World Grain - August 2018 - 50
FEATURE: SUB-SAHARAN AFRICA'S FUTURE CHALLENGES
"Estimated cereal demand by 2050 for the 10 countries is 335% of that in 2010 under the medium population projections and projected per capita demand," the
article said. "Population growth alone accounts for approximately three-quarters of this increase and is thus
much more important than per capita increase in demand due to dietary changes.
The article explained that the results for the region
as a whole are unlikely to be better than for the 10
"Results reveal that although yield gap closure on
existing cropland and a large acceleration in yield
said. "For instance, increasing maize yields from the
approximately 20% of yield potential in 2010 to 50%
by 2050 implies a doubling of annual yield increases
compared with the past decades. Even then, cereal areas must increase by more than 80% to realize selfVXI¿FLHQF\LQWKHFRXQWULHV7KHUHIRUHWKHSDWKWR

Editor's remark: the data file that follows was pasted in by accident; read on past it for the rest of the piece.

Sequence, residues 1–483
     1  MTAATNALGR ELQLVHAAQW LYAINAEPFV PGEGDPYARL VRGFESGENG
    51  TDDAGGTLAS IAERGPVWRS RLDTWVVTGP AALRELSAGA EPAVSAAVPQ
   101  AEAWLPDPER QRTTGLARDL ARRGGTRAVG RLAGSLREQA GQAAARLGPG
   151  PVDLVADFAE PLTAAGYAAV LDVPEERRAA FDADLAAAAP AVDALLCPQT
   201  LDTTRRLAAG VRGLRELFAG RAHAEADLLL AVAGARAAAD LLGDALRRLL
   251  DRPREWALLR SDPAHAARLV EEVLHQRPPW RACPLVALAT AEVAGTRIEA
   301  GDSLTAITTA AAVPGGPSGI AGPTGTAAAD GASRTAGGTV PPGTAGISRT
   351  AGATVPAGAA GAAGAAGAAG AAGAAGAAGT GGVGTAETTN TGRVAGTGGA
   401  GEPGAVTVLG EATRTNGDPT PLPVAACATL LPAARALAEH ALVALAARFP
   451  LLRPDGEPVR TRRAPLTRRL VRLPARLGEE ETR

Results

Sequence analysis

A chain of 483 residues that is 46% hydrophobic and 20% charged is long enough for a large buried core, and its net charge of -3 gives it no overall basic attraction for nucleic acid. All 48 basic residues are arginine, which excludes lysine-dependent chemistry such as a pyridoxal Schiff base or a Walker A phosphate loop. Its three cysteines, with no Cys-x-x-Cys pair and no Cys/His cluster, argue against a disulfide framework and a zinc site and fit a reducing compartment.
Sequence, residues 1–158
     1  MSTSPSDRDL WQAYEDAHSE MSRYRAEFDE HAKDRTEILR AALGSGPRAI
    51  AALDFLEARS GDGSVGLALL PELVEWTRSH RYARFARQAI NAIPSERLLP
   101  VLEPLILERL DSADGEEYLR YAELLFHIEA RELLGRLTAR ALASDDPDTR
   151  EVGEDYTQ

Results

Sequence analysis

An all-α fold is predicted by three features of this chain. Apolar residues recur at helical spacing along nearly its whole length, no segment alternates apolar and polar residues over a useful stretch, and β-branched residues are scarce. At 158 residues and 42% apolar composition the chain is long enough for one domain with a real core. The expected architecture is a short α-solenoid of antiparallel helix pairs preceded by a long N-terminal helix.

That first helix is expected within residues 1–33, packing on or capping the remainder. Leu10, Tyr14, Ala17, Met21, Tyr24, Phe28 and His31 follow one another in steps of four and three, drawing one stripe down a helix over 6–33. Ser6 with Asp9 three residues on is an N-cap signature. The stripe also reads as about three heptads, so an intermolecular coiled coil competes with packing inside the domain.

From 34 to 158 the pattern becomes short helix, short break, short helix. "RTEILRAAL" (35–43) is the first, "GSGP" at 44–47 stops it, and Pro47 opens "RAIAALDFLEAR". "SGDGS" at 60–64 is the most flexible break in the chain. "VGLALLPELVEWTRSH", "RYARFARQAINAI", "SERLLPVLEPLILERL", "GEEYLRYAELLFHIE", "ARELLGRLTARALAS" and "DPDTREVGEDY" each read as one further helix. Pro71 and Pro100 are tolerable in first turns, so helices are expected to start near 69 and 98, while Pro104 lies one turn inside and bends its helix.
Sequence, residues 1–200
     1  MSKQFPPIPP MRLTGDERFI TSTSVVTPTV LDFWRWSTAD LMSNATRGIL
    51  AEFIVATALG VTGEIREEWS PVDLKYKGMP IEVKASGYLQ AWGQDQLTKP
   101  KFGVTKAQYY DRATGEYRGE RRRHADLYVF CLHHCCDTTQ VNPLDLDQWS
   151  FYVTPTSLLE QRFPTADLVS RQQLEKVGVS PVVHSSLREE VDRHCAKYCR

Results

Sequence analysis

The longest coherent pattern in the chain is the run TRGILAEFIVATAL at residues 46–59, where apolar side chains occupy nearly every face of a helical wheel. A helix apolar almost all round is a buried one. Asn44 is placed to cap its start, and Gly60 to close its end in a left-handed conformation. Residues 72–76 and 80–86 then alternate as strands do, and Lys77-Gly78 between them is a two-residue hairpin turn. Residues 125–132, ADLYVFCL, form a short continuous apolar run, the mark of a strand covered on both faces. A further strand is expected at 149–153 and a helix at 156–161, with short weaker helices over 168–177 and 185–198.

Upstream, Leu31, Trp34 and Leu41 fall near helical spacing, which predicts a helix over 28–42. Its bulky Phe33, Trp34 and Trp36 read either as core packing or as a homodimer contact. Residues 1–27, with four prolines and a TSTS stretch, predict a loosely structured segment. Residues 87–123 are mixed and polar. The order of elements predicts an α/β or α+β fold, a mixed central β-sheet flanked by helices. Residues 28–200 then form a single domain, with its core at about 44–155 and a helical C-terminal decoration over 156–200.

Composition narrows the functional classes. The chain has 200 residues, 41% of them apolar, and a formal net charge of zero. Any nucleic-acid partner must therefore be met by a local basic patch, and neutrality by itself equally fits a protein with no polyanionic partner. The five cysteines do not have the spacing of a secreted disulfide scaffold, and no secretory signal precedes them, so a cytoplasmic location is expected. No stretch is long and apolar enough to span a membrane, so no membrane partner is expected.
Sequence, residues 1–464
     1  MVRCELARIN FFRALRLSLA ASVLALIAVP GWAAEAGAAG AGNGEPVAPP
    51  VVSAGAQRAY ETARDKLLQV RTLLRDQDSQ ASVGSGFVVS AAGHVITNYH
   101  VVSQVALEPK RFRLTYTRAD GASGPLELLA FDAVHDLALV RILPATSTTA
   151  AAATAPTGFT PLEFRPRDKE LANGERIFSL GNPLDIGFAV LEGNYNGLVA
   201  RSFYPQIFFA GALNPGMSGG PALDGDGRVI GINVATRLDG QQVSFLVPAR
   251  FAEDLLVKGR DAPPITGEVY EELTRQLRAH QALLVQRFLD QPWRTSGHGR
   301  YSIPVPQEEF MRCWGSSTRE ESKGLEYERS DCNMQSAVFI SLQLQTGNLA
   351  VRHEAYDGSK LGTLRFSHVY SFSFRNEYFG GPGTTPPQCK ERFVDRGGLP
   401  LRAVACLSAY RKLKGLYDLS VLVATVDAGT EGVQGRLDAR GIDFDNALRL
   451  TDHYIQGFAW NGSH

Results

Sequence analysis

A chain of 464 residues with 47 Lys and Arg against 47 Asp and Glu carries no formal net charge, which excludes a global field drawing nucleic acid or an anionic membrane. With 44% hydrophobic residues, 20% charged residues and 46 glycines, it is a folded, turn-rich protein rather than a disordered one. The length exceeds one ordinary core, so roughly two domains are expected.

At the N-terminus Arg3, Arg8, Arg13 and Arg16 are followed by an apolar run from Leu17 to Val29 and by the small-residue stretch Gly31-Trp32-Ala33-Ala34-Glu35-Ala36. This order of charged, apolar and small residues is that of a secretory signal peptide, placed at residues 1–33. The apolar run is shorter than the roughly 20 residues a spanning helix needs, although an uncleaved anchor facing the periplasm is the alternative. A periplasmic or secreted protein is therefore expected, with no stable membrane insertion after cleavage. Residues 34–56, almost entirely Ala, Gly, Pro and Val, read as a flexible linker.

gap closure, increased cropping intensity and expan-
sion of irrigated production area in regions that can
support these options in a sustainable manner.
result in increasing dependence on cereal imports and
vast expansion of rainfed cropland area, especially because population in SSA is projected to further increase
between 2050 and 2100 by a factor of 1.9 and anticipated climate change will make the situation even more
through accelerated yield growth, greater cropping
intensity, and increased irrigated area, we emphasize
the importance of adequate R&D investments by the
public and private sectors, accompanied by facilitating government policies to meet this challenge and to
HQVXUH LQWHQVL¿FDWLRQ ZLWKRXW QHJDWLYH HQYLURQPHQtal consequences."
Chris Lyddon is World Grain's European correspondent. He may be
contacted at: firstname.lastname@example.org.
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